There is no excuse for waiting to enter the school, even if the officer had to give his or her life. It’s inexcusable.

 — Michael J. Gorman, Whitestone

The Republican and National Rifle Association mantra about “good guys with guns” failed catastrophically in Uvalde, Texas. Would the outcome have been any different if the startled teacher facing the man’s AR-15 had a handgun, as Texas Sen. Ted Cruz and Gov. Greg Abbott suggest?

 — Arnold Wishnia, Setauket

Most people will never find a politician they agree with on everything. But if reducing the incidence of gun violence is important, we need to learn the positions of political candidates and vote for those who support these initiatives. It could happen anywhere. The next victim could be someone you love.

 — Carol Raab, Wading River


“Thoughts and prayers, thoughts and prayers.” It’s becoming a daily mantra. Every day is becoming “Groundhog Day.” So many children are becoming fearful to go to school. We are failing our youth. We are the only country that has this horrific problem. Why? And Sen. Ted Cruz’s solution is to install armed guards in schools instead of addressing the underlying cause. In May, it was Buffalo, then Texas, on and on we go. What will it take to end these atrocities?

 — Diana Blasic, Levittown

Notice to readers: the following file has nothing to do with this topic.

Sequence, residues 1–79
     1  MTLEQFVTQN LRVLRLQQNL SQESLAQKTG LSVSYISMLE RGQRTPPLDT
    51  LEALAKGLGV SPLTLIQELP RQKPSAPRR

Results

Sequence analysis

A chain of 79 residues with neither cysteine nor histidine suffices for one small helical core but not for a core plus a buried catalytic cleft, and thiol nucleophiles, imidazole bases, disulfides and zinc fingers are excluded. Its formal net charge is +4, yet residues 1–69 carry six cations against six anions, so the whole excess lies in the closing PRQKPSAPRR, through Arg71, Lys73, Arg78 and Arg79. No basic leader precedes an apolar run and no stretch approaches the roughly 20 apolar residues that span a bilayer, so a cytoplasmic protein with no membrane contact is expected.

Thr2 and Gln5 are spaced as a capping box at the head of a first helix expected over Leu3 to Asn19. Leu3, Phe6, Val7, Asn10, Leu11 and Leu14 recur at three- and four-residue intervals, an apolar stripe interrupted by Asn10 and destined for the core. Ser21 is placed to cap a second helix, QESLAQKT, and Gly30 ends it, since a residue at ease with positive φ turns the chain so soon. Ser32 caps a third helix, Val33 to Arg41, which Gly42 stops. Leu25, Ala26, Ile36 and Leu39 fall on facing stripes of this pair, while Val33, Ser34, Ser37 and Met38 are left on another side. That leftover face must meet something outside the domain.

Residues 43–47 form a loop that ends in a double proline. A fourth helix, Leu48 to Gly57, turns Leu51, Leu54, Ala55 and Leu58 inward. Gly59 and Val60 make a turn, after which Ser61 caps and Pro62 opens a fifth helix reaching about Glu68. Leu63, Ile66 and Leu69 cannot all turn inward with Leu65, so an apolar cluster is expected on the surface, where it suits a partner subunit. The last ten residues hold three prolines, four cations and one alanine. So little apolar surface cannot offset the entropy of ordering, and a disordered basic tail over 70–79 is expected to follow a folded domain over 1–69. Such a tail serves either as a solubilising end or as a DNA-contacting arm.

Enough moments of silence. Enough flying flags at half-mast. Enough politicians making meaningless speeches. Many of us are all parents or grandparents. Where is the moral outrage? The anger? What are you doing to solve this problem that threatens our children and our nation? Demand change!

 — Michael Lissauer, Melville

WE ENCOURAGE YOU TO JOIN OUR DAILY CONVERSATION. Email your opinion on the issues of the day to Submissions should be no more than 200 words. Please provide your full name, hometown, phone numbers and any relevant expertise or affiliation. Include the headline and date of the article you are responding to. Letters become the property of Newsday and are edited for all media. Due to volume, readers are limited to one letter in print every 45 days. Published letters reflect the ratio received on each topic.

Source link

.  .  .  .  .  .  . .  .  .  .  .  .  .  .  .  .   .   .   .    .    .   .   .   .   .   .  .   .   .   .  .  .   .  .